CLEVELAND HEIGHTS, Ohio (WJW) – The city of Cleveland Heights is considering a plan to buy a home at a notorious intersection that has been hit by numerous cars over the years.
One of the high-speed collisions happened in November 2021, when car being pursued by Cleveland Heights police spun out of control at the dead end of South Taylor Road and crashed into into the home on Fairmount Boulevard.
The homeowner, John Gall, was asleep on his couch at the time, but fortunately was not injured.
The November 2021 crash was one of five times that Gall’s house has been hit by an out-of-control car over the past 11 years.
“It’s in the back of my mind, you know? I can’t escape the fact that it could happen at any time and, you know, I guess I’ve kind of gotten used to it a little bit,” Gall said Wednesday.
Gall says when he bought the home, there was a guardrail along Fairmount to protect the house, but the barrier was removed during a road construction project. When cars started crashing into his house, he called city hall and complained.
“I was told ‘well, we can’t put a guardrail there because it would not be aesthetic pleasing.’ That was the first excuse and you know, it wouldn’t fit in with the neighborhood,” said Gall.
The city eventually put up warning signs in front of Gall’s house, but speeding cars smashed into the signs and continued to crash land on Gall’s property, so he lodged another complaint.
“They said, ‘it’s not our fault, we had nothing to do with it, it’s speeding motorists.’ Well, those speeding motorists tend to be being chased by Cleveland Heights police,” he said.
The city later placed large boulders in Gall’s front yard after another speeding car totaled his car and his garage.
“My contention is that I bought a house that had a guardrail, a known safety barrier, they took it away and didn’t replace it with anything better,” Gall said.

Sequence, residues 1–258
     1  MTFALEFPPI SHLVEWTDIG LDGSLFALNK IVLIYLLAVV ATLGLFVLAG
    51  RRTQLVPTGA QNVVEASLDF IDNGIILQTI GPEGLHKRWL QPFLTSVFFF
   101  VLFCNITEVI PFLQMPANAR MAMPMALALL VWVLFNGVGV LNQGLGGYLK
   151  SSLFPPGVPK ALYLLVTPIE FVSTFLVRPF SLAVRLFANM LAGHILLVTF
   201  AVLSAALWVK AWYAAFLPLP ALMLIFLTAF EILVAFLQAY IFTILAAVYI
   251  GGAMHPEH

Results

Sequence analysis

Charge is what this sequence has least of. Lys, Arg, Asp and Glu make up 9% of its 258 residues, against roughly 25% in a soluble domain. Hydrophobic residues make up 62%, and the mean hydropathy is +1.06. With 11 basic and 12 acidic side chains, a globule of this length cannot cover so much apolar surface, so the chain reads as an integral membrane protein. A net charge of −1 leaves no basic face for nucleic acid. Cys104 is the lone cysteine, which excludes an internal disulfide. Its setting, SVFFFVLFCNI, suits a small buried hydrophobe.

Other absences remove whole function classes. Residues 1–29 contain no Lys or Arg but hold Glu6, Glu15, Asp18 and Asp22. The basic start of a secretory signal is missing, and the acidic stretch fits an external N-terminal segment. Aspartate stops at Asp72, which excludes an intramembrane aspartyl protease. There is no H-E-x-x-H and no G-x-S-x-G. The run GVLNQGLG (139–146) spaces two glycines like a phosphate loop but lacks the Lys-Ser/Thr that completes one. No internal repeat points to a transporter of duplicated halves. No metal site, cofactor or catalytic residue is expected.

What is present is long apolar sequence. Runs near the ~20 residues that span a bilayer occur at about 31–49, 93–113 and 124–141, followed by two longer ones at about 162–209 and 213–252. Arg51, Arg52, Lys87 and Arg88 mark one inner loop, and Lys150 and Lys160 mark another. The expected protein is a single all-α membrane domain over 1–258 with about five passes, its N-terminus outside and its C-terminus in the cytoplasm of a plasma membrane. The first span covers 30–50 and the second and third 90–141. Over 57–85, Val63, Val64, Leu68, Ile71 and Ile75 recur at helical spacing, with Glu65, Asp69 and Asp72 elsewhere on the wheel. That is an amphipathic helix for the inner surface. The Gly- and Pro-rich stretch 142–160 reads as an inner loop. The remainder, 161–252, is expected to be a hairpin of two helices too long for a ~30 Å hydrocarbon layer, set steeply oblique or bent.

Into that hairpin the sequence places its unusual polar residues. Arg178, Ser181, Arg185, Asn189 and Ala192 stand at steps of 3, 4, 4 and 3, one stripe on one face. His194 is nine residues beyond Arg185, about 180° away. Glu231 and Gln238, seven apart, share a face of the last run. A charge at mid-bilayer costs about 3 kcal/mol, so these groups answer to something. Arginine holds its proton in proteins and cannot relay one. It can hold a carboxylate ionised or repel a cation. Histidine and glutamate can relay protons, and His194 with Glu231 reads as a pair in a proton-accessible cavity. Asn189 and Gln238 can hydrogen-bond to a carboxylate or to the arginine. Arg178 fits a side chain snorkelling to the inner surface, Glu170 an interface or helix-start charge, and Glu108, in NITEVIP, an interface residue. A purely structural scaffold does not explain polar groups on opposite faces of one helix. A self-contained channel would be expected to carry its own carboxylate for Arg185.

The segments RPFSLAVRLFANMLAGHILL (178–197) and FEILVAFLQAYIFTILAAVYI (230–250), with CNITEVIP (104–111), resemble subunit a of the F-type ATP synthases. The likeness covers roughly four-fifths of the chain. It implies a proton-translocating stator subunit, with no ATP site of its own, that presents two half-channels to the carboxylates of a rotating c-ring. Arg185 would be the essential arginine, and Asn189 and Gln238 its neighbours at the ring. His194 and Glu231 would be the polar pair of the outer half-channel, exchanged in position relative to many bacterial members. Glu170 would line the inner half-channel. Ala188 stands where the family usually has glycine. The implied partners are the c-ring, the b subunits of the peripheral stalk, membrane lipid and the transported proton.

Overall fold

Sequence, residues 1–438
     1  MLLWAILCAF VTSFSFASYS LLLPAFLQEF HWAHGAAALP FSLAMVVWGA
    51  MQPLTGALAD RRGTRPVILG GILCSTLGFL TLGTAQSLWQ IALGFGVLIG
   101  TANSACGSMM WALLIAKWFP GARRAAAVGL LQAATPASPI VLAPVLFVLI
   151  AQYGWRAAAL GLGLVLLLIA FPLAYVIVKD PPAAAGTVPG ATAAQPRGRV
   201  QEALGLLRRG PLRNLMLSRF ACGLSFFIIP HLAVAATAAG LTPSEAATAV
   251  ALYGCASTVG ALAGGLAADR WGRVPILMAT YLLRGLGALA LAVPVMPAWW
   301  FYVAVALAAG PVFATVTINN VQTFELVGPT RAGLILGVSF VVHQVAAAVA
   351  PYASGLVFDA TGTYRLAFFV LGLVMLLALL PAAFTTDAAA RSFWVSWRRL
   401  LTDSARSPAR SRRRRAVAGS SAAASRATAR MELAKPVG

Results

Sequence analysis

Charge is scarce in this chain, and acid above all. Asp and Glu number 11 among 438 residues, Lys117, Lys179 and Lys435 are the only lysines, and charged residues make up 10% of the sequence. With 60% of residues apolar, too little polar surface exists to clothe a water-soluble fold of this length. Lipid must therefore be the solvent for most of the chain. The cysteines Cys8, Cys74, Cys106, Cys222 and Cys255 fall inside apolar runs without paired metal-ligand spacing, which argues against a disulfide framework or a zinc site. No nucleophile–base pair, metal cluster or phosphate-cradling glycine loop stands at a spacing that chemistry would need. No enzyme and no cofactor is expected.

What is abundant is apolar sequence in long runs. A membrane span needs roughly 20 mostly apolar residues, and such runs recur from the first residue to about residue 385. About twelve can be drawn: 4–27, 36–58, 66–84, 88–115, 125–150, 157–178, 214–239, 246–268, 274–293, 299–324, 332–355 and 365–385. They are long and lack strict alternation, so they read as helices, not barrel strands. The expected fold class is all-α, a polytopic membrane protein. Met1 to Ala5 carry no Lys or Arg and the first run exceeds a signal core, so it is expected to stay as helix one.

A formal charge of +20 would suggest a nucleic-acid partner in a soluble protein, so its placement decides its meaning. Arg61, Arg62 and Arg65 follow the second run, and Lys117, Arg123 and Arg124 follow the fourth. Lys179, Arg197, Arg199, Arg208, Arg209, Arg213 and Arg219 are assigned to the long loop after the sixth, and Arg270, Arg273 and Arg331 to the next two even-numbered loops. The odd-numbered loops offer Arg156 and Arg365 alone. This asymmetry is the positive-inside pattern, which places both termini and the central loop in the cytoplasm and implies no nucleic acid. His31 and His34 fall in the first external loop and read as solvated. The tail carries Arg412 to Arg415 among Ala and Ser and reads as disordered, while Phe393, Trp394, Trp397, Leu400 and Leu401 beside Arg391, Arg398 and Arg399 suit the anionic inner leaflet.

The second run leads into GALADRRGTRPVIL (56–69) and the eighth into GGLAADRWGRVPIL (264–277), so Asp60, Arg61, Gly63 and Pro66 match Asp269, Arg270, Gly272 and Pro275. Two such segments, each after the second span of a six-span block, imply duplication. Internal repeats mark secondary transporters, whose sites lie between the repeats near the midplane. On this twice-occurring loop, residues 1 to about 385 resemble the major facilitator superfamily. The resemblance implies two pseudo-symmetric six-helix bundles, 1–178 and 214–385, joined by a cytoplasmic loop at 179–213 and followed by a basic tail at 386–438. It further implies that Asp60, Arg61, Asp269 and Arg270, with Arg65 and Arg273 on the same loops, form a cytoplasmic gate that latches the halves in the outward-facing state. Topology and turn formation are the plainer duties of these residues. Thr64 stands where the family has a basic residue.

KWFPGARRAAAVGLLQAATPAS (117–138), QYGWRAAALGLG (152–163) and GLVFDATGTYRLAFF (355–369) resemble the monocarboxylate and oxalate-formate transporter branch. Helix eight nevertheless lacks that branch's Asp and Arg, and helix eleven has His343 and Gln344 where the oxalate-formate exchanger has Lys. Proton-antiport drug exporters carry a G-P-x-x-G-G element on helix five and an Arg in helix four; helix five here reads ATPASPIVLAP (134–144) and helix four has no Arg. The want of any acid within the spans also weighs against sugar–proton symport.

Meanwhile, the City of Cleveland Heights maintains there are no easy solutions to the traffic and engineering problem, so the city is now considering a plan to buy Gall’s house.
“We sympathize enormously with Mr. Gall,” said Mike Thomas, the Cleveland Heights communications director. “Having the threat of cars running into your house, I mean, that has to be pretty difficult to live with.”
Thomas says in light of state guidelines governing guard rails, city leaders believe buying the house may be the safest solution.
“Instead of mitigating the problem, this would eliminate it potentially because people will continue to speed. It’s inevitable. If they are going to have an accident there, we’d rather that they not hit a house that has people in it,” said Thomas.
But Gall says he plans to drive a hard bargain.
“I’m angry as hell. I’ve lived here for 27 years, the house is paid for, I’ve put in all kinds of improvements. Suddenly it’s a hazard and I have to move and they just offer me fair value. They failed to address the actual issue and they’ve done it for years. I’m just sick of it and I’m not going to roll over,” said Gall.
The city now plans to seek an appraisal of the house and could then make an offer to Gall.
In response, Gall told us that the city should plan on backing up a Brinks truck to his house.